Probably not. But in an era of bigger is better, that is a myth that seems to be driving the day. Meanwhile, quality of care and patient safety is suspect. Bigger will not improve care, enhance safety or reduce costs to the consumer.
If you think this is self serving. Fine. Call me. I bet I can change your mind.
Hello. Welcome to our podcast for this Father's Day weekend, 2016.
Today in SelfPerspective, John interviews John Graves, CEO of Lillian Hudspeth Memorial Hospital in rural Sonora, Texas. Mr. Graves describes his leadership values and the important role his Air Force experience has played in his success as a CEO.
Next up, John shares excerpts from several college commencement addresses that captured his interest.
We end the podcast with a return to one of John's favorite subjects -- the power of storytelling to communicate important values and ideas.
A lot has been written -- and I do mean a lot -- on the subject of career branding and career brand management.
In today's podcast, John focuses on the issue of brand blindness. It is a must-listen for anyone seeking to gain a market advantage in a hyper competitive job market.
The use of stories to illustrate a point, to sell an idea -- to win the hearts and minds of followers -- has been around since the beginning of time. Today we are seeing a renewed interest in the art form of story telling to motivate and engage employees. As one CEO told John, "I have a new title: Chief Storyteller."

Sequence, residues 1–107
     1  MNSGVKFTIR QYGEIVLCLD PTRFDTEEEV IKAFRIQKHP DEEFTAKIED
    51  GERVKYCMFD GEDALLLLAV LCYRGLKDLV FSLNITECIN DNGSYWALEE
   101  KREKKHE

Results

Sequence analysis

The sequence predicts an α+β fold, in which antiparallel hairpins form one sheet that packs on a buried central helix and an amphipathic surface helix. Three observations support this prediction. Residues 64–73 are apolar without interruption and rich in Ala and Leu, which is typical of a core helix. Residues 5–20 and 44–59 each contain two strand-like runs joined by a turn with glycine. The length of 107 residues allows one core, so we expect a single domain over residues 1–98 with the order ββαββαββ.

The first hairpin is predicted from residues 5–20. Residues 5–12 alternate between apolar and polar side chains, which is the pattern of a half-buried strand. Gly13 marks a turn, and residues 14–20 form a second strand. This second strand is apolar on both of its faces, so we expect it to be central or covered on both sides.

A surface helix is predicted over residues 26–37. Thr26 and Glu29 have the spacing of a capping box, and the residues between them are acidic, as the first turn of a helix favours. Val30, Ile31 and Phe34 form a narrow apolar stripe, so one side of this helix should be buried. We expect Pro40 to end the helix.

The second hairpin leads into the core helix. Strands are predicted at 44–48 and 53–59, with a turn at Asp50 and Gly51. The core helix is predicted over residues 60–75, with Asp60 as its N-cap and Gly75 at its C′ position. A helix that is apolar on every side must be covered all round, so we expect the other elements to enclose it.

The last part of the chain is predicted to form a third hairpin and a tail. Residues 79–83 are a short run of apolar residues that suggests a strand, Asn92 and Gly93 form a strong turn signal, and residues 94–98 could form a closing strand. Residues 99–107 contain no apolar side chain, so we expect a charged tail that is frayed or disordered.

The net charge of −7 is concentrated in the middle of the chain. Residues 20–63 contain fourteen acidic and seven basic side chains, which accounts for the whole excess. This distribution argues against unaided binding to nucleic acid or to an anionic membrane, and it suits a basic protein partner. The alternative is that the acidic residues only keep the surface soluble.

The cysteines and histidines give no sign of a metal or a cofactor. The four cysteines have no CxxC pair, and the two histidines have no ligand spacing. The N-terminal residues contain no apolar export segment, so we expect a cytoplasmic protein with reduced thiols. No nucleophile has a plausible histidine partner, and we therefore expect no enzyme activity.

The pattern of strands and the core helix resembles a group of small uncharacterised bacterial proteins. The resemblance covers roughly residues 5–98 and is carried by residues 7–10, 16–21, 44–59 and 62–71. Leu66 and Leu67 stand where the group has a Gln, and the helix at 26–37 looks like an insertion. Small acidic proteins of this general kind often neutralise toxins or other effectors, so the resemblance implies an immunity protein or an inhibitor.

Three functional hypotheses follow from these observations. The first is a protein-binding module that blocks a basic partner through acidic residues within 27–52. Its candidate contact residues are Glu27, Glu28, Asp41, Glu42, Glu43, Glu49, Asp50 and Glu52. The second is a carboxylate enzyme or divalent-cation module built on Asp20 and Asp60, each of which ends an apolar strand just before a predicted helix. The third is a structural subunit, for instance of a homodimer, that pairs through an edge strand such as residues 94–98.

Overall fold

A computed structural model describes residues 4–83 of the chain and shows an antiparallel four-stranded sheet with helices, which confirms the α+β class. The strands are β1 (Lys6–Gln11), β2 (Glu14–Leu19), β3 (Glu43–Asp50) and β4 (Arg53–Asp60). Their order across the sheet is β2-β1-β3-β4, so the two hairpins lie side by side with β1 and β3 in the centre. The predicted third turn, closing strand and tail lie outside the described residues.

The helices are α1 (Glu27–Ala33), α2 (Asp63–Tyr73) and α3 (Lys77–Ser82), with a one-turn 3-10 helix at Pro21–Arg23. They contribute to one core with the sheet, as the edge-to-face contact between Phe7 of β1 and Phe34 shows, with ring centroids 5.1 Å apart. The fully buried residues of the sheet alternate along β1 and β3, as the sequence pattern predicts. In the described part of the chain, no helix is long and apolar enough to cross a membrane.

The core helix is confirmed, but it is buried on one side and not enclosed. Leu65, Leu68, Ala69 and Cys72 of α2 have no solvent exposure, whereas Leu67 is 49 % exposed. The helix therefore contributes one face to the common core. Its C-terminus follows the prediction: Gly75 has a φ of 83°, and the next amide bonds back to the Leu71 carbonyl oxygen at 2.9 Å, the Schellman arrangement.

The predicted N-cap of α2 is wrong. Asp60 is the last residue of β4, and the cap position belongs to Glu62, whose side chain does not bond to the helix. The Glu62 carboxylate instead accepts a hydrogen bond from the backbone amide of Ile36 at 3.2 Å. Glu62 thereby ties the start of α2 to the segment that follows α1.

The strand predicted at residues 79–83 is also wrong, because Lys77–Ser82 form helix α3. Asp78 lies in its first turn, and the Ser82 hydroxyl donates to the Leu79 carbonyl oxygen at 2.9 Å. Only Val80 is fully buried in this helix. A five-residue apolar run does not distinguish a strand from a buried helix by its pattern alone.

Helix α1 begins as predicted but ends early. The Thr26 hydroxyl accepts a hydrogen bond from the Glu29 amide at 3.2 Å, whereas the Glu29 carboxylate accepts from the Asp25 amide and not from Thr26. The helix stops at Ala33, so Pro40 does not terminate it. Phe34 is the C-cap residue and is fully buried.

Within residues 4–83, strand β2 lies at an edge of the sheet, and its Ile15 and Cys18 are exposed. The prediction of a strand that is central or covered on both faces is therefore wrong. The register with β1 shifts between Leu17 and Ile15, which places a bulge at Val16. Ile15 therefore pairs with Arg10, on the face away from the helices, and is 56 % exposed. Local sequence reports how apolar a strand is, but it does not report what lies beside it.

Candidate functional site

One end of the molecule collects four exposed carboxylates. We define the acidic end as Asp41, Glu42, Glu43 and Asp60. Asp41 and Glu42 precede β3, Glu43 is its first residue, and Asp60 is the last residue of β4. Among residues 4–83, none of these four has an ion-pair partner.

This weekend, we focus on leadership values. Ken Richmond, FACHE, an interim executive based in Buffalo, New York, walks the talk when it comes to being a values leader. It is not a good day unless he visits with at least five patients and tours the facility talking about the importance of quality -- treating patients as if they were a relative or friend -- and preaching the gospel of quality. What makes Ken special is his passion, his empathy and his commitment to listen carefully.
John also talks about two of his blogs, Values Versus Value and The Power of Love (In Leadership). So join us and then let us know what you think.
Today’s podcast features Part II of our ongoing series Executive Search: Pulling Back the Curtains, an insider’s look at how search firms operate.
In this installment, John explains how first handle candidate references and background checks. Times are changing and lax background reviews that were typical in the past are becoming more focused as is the process of checking candidate references.
It's Saturday. John has a steaming cup of Community Coffee and the morning papers as well as notes on interesting ideas from the past week so settle in for interesting information and insight that will help you manage your career.
Today he shares some interesting reasons candidates are eliminated from searches that a New York colleague provided. Then he is going to pass along some reasons why he will automatically eliminate candidates.
Finally, John shares some thoughts from David Brooks, New York Times columnist, author and a member of the Yale faculty where he teaches a course on leadership.
Mr. Brooks shared an interesting piece of research on why certain people achieve promotions and become great leaders, and other wallow in the ditches. The answer may surprise you. It was part of a fascinating hour-long interview with Charlie Rose.